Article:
Dr Avtar Singh Matharu is Senior Lecturer and Deputy Director of the Green Chemistry Centre of Excellence (GCCE). The GCCE is an internationally-leading academic facility for the provision of excellence in green and sustainable chemical technologies, processes and products. He is External Examiner at Keele University for their Postgraduate Taught MSc in Environmental Science & Green Technologies and Section Editor for Current Opinion in Green and Sustainable Chemistry (Elsevier).
Avtar specialises in gaining high additional chemical value from otherwise low-value resources or waste such as unavoidable food supply chain wastes, developing sustainable supply chains and circular economy within the context of biorefineries. He is technology platform leader for Renewable Materials working on range of biomass related materials and applications (http://www.york.ac.uk/chemistry/research/green/research/renewable/)
Recent Research Projects
Innovate UK: Food processing and Manufacturing Efficiency
Transforming wet perishable food waste streams for high value human consumption (2013-2015, £583,103). In collaboration with University of Nottingham, New Food Innovation, Molson Coors, Link2Energy, Naturis, Phytoquest, Chingford Fruits, Quorn Foods, Green Pea Company, Branston Ltd.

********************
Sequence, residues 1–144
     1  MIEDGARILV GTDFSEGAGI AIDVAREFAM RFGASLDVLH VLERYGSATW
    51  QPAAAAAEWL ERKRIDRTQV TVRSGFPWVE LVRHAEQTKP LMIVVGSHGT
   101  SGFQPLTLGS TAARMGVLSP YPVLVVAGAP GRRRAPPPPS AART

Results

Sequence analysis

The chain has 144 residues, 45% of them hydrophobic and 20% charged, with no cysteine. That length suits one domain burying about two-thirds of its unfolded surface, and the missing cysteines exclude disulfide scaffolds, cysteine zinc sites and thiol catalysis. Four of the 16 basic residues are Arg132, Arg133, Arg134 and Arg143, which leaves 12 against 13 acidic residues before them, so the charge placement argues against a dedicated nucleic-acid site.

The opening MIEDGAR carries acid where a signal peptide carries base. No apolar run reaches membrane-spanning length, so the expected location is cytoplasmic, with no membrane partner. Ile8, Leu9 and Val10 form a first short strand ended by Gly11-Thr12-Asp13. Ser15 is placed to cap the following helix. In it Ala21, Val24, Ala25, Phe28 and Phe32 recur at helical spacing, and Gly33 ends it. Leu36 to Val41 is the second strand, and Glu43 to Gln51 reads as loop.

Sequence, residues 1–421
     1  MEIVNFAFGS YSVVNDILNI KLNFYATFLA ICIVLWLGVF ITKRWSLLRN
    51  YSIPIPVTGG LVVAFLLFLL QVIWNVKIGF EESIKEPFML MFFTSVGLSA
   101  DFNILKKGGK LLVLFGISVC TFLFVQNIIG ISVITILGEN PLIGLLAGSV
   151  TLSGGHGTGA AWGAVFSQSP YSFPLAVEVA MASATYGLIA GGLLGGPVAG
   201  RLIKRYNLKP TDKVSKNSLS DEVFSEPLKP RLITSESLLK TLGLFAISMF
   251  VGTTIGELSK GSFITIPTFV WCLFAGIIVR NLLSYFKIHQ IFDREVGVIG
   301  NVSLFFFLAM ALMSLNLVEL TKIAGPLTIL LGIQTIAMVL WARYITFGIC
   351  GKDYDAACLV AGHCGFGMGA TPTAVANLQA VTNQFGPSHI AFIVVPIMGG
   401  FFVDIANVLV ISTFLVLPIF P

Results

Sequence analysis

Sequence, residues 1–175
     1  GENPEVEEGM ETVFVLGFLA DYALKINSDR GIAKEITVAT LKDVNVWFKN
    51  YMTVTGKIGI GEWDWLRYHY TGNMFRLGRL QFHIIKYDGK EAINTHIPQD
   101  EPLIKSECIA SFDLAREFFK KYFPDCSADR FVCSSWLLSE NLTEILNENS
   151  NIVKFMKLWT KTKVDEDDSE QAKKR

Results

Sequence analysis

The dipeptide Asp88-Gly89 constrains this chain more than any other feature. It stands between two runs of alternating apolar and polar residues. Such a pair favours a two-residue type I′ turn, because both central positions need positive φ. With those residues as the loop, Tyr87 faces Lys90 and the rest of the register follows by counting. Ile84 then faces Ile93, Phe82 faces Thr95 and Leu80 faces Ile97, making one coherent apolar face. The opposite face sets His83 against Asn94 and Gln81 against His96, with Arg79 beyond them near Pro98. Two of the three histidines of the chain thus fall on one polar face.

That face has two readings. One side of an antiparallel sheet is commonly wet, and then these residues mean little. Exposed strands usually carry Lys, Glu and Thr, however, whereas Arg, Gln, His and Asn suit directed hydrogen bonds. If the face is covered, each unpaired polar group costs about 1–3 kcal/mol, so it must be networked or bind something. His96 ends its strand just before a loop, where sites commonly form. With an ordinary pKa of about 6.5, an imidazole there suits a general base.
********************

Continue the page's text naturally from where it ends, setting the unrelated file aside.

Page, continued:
The project focuses on the innovative recovery and transformation of wet perishable process streams, such as peel, stalk, grain, and fruit waste, into higher value functional and textural ingredients for incorporation into food products.
Technological solutions will be developed for stabilisation and manipulation of biproduct materials from key selected feedstocks, supported by a consortium with synergistic skills, representing the full supply chain.Investigations will involve innovative coupling of process steps and novel combination of transformed materials from different sources.
InnovateUK, BBSRC, EPSRC IB Cat: Round 3 Early stage translation
Integrated energy efficient microwave and unique fermentation processes for pilot scale production of high value chemicals from lignocellulosic waste (2016-2020, £3.2 M). In collaboration with University of Bath and C-Tech Innovation Ltd, Croda, AB Agri.
Recently, we reported an innovative one-step microwave (MW) process for the depolymerisation of bio-wastes. This key enabling technology achieves high sugar yields despite low energy inputs. Though a range of inhibitors are also formed in the process which limit the growth of most yeasts, we have shown that the robust yeast Metschnikowia pulcherrima (Mp) thrives on this feedstock to produce valuable 2-phenylethanol, arabinitol and a microbial oil akin to palm oil. Therefore this project aims to develop a pilot scale multi-product process by coupling these breakthroughs in low energy waste treatment and unique fermentation to produce high value chemicals.